Street patterns of Israeli cities were investigated by comparing three time periods of urban development: (I) the late 19th century until the establishment of the state of Israel in 1948; (II) 1948 until the 1980s; and (III) the late 1980s until the present. These time periods are related respectively to the pre-modern, modern and late-modern urban planning approach. Representative urban street networks were examined in selected cities by means of morphological analysis of typical street pattern properties: curvature, fragmentation, connectivity, continuity and differentiation. The study results reveal significant differences between the street patterns of the three examined periods in the development of cities in Israel. The results show clearly the gradual trends in the intensification of curvature, fragmentation, complexity and hierarchical organization of street networks as well as the weakening of the network’s internal and external connectivity. The implications of these changes on connectivity and spatial integration are discussed with respect to planning approaches.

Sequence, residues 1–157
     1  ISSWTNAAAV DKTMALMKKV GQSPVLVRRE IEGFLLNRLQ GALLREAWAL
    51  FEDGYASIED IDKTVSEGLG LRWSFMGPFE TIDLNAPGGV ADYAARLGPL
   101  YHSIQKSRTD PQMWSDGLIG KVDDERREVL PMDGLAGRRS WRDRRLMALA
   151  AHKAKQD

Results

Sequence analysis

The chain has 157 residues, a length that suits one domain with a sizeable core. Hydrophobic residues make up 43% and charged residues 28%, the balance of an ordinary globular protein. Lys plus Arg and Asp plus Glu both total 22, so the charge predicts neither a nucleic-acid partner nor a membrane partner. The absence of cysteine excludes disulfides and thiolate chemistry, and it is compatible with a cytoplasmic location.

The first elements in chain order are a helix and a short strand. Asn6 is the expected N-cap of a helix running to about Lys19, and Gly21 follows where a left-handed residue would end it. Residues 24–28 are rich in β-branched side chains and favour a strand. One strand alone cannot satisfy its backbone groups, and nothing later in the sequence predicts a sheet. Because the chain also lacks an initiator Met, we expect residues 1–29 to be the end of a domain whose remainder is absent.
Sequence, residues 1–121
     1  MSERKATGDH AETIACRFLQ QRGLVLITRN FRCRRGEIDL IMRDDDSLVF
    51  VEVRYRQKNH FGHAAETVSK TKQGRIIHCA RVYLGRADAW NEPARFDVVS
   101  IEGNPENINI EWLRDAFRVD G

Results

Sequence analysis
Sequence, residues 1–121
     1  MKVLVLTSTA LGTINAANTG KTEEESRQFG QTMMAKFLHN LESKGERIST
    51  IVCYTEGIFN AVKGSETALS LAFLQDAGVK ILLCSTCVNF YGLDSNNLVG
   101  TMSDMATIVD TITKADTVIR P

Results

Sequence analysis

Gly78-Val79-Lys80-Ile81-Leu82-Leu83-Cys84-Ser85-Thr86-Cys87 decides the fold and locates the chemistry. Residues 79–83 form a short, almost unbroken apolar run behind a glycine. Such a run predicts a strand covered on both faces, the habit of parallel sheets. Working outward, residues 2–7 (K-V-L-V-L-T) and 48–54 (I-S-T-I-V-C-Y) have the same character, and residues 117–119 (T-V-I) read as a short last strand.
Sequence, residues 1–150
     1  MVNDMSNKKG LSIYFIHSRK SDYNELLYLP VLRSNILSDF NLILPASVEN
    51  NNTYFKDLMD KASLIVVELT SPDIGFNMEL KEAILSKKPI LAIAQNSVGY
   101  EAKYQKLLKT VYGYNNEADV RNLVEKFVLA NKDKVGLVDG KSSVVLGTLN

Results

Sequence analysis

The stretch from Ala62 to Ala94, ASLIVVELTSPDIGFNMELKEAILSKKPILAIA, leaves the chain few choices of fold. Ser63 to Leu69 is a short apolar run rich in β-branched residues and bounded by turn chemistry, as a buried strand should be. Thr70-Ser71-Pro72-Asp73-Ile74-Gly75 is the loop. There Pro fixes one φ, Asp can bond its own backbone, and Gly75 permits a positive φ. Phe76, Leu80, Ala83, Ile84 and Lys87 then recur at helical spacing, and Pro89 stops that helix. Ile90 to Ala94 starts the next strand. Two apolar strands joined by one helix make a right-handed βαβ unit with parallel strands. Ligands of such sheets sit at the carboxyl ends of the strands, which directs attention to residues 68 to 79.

New Article: Peri-Bader, Everyday Experience in Israeli Cinema

Peri-Bader, Aya. “Everyday Experience in Israeli Cinema: The Port and the City’s Margins.” Emotion, Space and Society 18 (2016): 17-26.

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URL: http://dx.doi.org/10.1016/j.emospa.2016.01.003

 

Abstract